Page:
Is there someone out there who can clarify a mystery for me. I have just
bought all sorts of titanium drill bits and have other tools that they say
contain titanium. I don't get it, working on a titanium aircraft part with a
normal chrome molly tool will destroy that titanium part. So how can they
alloy or coat a drill bit that won't react to itself or to the part you are
working on at the molecular level? The only explanation I can think of right
now is that the titanium they mention is bull and is just a fancy colored
The tools work well enough but I am a very curious individual.
Titanium by itself isn't especially hard.
But it can bring many desirable properties to other metals when
combined into an alloy (or used as part of a coating).
General reading on titanium:
| Malcolm Hoar "The more I practice, the luckier I get". |
my experience those titanium drill bits are a waste of money, the gold
color looks nice but they actually dull faster.
its a marketing ploy, and a good friend with a machine shop reached the
exact same conclusion indenpendent of mine.
It is not a titanium coating. It is a titanium _oxide_ coating.
Oxides are frequently far harder than the principal element. Aluminum
oxide, one of the softer metals, is used as an abrasive and is very
WRONG;it's titanium NITRIDE.
Almost as hard as diamond,excellent wear resistance.
titanium oxide is a pigment used in white paint.
Strange,because aluminum oxide forms on any piece of bare aluminum exposed
to oxygen or ordinary air. And carbon steel drill bits drill it easily.
Of course,it IS harder than WOOD,so it's used for cheaper sandpaper.
It's not very hard compared to other abrasives.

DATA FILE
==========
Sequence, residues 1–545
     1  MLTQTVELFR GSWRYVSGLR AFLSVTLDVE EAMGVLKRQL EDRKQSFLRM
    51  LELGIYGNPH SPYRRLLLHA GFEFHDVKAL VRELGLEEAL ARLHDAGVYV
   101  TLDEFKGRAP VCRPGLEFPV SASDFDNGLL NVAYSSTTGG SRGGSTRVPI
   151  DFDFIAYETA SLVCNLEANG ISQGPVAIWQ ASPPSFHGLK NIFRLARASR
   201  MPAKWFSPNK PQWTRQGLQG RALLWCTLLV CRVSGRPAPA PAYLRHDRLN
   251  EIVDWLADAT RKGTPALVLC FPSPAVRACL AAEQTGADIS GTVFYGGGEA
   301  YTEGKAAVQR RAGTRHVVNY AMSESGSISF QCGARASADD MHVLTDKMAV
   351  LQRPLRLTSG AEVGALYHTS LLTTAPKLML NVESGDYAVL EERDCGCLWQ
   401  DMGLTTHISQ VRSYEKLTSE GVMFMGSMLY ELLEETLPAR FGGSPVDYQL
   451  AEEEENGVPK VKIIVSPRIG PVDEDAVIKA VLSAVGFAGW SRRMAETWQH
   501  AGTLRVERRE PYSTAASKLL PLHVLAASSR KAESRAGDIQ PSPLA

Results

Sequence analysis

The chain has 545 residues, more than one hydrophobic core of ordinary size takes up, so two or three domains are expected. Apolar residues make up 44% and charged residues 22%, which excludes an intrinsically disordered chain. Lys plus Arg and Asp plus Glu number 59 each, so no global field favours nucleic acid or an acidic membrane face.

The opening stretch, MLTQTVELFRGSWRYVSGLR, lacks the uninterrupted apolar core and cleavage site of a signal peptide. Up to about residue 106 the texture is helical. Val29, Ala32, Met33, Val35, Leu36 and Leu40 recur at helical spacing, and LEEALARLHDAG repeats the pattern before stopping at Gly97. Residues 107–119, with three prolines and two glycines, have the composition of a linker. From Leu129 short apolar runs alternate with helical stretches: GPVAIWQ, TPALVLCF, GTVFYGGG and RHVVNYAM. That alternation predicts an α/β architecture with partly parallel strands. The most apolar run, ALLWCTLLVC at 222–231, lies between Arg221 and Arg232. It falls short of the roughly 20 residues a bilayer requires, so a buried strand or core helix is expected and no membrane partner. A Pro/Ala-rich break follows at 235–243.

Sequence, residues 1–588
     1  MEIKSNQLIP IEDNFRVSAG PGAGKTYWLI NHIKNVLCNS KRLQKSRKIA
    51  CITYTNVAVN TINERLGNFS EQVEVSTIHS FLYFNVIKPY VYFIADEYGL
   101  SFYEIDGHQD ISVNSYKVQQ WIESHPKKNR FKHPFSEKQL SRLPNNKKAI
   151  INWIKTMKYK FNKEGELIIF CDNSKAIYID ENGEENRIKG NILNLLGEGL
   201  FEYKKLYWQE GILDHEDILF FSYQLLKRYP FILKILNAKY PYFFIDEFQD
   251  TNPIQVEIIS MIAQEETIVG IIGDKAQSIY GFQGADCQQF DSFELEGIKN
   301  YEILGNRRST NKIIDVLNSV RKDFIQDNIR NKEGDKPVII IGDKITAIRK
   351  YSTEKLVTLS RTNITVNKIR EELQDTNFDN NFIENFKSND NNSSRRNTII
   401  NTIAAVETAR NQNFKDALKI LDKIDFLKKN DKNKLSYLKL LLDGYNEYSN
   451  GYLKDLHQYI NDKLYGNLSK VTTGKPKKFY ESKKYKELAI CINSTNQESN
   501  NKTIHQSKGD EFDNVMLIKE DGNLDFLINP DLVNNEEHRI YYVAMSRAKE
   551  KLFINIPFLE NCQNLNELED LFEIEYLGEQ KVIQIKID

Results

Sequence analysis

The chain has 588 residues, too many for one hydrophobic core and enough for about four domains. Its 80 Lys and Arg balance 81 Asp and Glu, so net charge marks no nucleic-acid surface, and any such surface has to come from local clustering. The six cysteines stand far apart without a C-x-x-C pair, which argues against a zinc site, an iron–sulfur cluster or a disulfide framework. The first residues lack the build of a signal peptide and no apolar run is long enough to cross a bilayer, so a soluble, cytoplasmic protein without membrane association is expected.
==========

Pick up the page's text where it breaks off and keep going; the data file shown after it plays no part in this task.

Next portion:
Jeff already pointed that out, and I already thanked him for pointing
The oxidation of aluminum is not the same as aluminum oxide. If I
dusted diamond powder on your cereal, you'd never know it. If there
were a small diamond in your cereal, you'd break a tooth. Rubies and
sapphires are aluminum oxide. Them's plenty hard, chief!
Aluminum oxide sandpaper is not cheap, it's appropriate. The "cheaper"
grades are flint and garnet papers, and they're appropriate for other
uses. That's a whole 'nother thread, so let's not get into that in
Hmmm. Thanks for posting that link. I'd posted earlier about titanium
oxide coating, which is commonly used on knives - not sure why I
confused the two in my mind. Titanium oxide is hard, titanium nitride
is much harder. Thanks for setting the record straight, Jeff.
I've never heard of titanium oxide being used on knives for a coating.
Unless it's white paint. ;-)
I have heard of TiN being used on knives,for the same reason it's used on
drills.It also dresses them up nice.You can even buy fancy dinner cutlery
with TiN coating;it looks like gold plate,but does not wear like gold
It's deposited by vapor deposition;a plate of Ti is inside a vacuum chamber
pressurized with nitrogen (at ~400degF,IIRC),and an electric arc is
discharged to the sacrificial Ti plate,vaporizing it and combining it with
the Nitrogen to form TiN,which falls onto the metallic items placed in the
chamber,plating them. Plating thickness is determined by arc current and
See? That's where I thanked Jeff. He just beat you to it!
You've seen it, I'm sure. The coating gives a rainbow color and can
come from heat treating titanium or using a titanium oxide coating on
steel (for knives and such).
I know the white paint pigment as titanium dioxide, which also seems to
be known as titanium oxide...just to confuse people. There're titanium
oxides, dioxides and trioxides. I'm about oxided out of here!
The titanium oxide coating is also vapor deposited.
Seems like we're all learning something in this thread. One of the
reasons I love newsgroups.
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